Think for a minute about the applications to teaching and learning. Students could broadcast the trial run of an oral presentation to their instructor and others to get feedback before the actual presentation in class. Instructors could broadcast a review session prior to an exam. For that matter, a student with a camcorder could record classes and then broadcast them from his or her home computer. Once the word gets out about Alluvium, I'm sure others will come up with new and better ideas than the ones I've just identified.

In the course of a little over a year, Podcasting has caught on big in the world of higher ed (and among the general public). Will Alluvium be the next iPod? I'll let the rest of the story, reported in the Chronicle of Higher Education, speak for itself:

In fact, Mr. Lopez [Joseph T. Lopez, one of the project's leaders]sees the program as a tool for independent artists to disseminate their work without turning to the entertainment industry for help. "The distribution system for music and movies is broken right now, and it's going to take the RIAA and the MPAA two or three years to figure it out," says Mr. Lopez, referring to the Recording Industry Association of America and the Motion Picture Association of America. "I think our model could help change the way films are distributed."

Mr. Lopez and Mr. Wiley [Brandon Wiley, another team leader] will present their vision of a personal Internet-TV station in July, when their ACTLab TV station makes its debut on the Web. The station will have plenty of content to offer. It will broadcast more than a thousand videos, including experimental films and documentaries, created by students for the university's ACTLab, an art- and technology-based program for which both Mr. Lopez and Mr. Wiley serve as teaching assistants.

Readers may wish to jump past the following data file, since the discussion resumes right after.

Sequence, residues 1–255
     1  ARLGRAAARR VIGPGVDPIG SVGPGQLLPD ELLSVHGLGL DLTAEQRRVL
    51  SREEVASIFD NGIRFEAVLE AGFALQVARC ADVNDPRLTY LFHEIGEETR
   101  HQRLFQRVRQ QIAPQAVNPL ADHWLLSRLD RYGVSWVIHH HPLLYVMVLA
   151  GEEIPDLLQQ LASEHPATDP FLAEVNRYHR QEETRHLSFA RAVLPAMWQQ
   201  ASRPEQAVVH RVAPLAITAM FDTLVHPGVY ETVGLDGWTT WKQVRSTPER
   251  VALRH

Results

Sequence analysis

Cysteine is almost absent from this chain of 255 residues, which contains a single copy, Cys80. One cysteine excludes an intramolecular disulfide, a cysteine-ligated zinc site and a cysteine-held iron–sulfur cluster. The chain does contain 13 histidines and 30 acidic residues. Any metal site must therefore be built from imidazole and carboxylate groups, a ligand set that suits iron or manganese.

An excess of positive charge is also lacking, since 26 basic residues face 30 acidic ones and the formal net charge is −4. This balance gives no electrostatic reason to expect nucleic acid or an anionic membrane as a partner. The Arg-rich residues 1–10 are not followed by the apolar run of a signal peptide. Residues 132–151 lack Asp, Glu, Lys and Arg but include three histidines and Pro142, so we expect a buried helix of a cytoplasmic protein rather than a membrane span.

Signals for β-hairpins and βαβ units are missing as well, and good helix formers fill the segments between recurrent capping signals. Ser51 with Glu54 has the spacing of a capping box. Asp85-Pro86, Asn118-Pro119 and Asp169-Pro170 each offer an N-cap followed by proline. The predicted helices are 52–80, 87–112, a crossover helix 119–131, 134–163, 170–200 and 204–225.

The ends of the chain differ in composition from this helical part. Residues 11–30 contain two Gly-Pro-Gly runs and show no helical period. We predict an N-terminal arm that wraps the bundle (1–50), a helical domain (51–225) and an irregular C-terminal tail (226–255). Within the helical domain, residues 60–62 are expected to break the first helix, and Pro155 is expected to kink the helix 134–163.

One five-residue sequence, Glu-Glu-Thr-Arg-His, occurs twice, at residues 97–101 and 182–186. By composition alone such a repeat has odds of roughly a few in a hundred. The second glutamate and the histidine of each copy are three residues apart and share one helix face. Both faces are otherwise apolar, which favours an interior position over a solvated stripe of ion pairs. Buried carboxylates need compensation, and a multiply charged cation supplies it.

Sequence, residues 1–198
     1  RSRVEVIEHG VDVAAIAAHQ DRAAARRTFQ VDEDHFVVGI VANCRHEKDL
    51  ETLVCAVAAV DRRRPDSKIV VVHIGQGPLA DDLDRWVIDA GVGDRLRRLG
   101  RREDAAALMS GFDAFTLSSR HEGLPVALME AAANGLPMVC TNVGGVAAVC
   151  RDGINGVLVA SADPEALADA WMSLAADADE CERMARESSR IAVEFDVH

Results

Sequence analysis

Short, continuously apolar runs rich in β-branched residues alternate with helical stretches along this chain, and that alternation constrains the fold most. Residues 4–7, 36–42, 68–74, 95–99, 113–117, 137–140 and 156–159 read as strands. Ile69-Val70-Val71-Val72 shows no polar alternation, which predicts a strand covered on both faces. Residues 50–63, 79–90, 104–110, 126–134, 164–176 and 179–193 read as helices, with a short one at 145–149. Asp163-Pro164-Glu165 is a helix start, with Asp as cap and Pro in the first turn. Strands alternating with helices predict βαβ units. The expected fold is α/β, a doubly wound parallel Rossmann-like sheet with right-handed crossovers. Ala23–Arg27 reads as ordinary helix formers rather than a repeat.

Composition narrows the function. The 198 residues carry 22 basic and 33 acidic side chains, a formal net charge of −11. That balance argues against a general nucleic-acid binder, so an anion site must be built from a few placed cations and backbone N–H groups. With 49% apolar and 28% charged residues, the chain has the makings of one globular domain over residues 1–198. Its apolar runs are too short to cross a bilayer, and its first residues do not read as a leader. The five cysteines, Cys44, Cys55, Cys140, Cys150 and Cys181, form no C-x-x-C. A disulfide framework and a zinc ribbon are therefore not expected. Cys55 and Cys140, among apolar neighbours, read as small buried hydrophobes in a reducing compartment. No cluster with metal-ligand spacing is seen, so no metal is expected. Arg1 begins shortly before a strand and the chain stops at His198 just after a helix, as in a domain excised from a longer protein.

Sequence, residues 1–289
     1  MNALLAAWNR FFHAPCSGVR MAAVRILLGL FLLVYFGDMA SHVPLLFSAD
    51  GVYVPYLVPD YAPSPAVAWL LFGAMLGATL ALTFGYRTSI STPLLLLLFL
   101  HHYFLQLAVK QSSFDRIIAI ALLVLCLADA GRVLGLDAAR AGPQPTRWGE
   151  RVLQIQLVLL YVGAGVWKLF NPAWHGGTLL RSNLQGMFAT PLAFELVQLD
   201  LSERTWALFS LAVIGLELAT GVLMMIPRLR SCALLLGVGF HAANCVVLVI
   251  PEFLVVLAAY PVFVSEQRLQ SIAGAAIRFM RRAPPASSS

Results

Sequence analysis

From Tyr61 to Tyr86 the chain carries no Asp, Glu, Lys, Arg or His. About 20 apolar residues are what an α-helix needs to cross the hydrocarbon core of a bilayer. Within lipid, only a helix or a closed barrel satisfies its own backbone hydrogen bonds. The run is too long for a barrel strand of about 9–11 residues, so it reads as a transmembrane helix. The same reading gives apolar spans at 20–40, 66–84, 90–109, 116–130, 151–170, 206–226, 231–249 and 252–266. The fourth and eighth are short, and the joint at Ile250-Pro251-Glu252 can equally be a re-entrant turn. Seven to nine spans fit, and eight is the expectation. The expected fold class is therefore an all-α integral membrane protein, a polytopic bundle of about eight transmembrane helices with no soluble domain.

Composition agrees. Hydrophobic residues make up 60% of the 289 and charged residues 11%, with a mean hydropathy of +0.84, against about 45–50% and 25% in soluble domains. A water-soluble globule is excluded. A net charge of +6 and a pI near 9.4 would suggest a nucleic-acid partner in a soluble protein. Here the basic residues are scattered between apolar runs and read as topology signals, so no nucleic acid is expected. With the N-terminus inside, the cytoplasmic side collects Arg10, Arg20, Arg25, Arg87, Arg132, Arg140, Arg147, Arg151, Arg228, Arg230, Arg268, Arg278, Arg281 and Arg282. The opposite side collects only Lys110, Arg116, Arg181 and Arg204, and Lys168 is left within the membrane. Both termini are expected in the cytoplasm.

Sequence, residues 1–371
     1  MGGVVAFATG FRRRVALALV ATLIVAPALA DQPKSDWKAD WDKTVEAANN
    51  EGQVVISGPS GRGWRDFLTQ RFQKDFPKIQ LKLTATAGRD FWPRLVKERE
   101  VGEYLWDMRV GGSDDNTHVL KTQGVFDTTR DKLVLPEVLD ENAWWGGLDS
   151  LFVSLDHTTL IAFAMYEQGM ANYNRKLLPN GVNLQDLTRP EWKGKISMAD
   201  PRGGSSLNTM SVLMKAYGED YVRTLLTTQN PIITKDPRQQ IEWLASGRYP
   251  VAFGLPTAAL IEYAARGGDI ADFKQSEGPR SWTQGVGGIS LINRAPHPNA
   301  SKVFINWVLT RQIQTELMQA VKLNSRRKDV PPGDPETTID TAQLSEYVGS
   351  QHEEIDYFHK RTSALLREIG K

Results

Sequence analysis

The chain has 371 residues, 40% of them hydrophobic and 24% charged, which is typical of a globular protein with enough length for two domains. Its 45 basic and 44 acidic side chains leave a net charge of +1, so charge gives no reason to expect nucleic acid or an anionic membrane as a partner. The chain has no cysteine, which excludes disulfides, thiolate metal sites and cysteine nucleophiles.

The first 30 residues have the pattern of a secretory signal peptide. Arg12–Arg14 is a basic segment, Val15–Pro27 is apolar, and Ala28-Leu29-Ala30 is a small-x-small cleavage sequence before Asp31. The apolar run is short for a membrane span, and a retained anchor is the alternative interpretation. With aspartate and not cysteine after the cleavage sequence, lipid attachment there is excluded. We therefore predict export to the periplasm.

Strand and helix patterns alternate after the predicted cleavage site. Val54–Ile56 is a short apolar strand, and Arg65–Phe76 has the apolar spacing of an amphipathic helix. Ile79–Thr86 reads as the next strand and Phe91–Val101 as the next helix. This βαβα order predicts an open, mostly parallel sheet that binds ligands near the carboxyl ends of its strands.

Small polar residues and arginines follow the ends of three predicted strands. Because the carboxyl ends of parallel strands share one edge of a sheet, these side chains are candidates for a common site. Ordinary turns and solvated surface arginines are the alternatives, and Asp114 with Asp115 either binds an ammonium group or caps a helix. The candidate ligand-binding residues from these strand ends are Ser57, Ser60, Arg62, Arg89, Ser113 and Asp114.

To keep their station running 24 hours a day, Mr. Lopez and Mr. Wiley are already accepting submissions from outside sources -- including, Mr. Lopez says, "animation, puppet shows, and some really unique content."

But before the station goes live (on the project's Web site), Mr. Lopez and Mr. Wiley say they still have plenty of work to do. Along with a staff of four, they have been pulling nearly sleepless nights archiving video footage and testing their software.

No one is getting paid for the work, and neither Mr. Lopez nor Mr. Wiley views the project as a business venture. But the project's shoestring budget is part of the point, according to Mr. Lopez. "We're just sitting here with machines that we had lying around, and we threw this together," he says. "Our whole idea was that it doesn't take $20,000 worth of electronics to run a TV station online."

Monday, June 20, 2005

Save My Whiteboard: Software to Save Class Notes

Professor Rob Frohne and family Posted by Hello

People are always trying to save something. It could be the environment, a homeless dog, or just a dollar. Professor Rob Frohne of Walla Walla College tries to save his students, or at least their learning, and thus their grades, using software he created.

The picture of Professor Frohne, his family, and the beauty of Washington state was taken from his web site. When Dr. Frohne isn't enjoying inspiring mountain views, he puts his creative mind to work. Case in point: Save My Whiteboard. This free software was created by Professor Frohne to work in conjunction with a digital camera. It's purpose is to save and publish on the web the notes that he writes on the whiteboard during his classes. I'm sure that his students appreciate the effort to make learning just a little bit easier and more convenient.